English version


From Longman Dictionary of Contemporary Englishstricturestric‧ture /ˈstrɪktʃə $ -ər/ noun [countable often plural] formal  1 RRRULE/REGULATIONa rule that strictly limits what you can dostricture on/against religious strictures on marriage2 CRITICIZEa severe criticism
Examples from the Corpus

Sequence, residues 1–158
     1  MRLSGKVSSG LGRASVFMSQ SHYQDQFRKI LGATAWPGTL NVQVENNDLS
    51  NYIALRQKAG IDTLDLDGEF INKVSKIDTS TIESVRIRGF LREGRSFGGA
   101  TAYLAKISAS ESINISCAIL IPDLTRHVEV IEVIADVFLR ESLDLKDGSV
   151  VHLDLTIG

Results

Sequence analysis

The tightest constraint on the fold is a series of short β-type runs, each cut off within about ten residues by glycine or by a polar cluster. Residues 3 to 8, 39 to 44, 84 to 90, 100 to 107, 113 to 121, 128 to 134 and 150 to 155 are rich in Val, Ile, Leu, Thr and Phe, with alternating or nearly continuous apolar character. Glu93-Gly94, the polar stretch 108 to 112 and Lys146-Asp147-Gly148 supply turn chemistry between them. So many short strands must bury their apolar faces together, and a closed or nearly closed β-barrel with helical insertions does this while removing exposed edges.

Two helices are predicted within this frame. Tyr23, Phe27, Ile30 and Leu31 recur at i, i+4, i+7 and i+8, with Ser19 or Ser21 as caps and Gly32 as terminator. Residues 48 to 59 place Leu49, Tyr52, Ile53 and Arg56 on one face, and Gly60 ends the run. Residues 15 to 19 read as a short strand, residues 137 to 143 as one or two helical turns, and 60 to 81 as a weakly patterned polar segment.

strictureFor all of its own bureaucratic strictures, the diplomatic corps had the sympathetic ears that Liang was looking for.Many thought Dole should at least relinquish his post of Senate majority leader to gain freedom from legislative strictures.The main difference is that Jerry Springer's guests have not taken Hope Steadman's strictures about yelling to heart.Unfortunately he applied the same stricture to himself and some of his works are rather limited.stricture on/againstHe has some severe but convincing strictures on the impoverished and distorted contribution of feminist studies to his subject.This is partly because of Marx's strictures on Utopian socialism.After that scene there is little else that needs to be said about the strictures on Victorian women.Moreover, the strictures against maximum investment rates were vindicated, as we have seen above.
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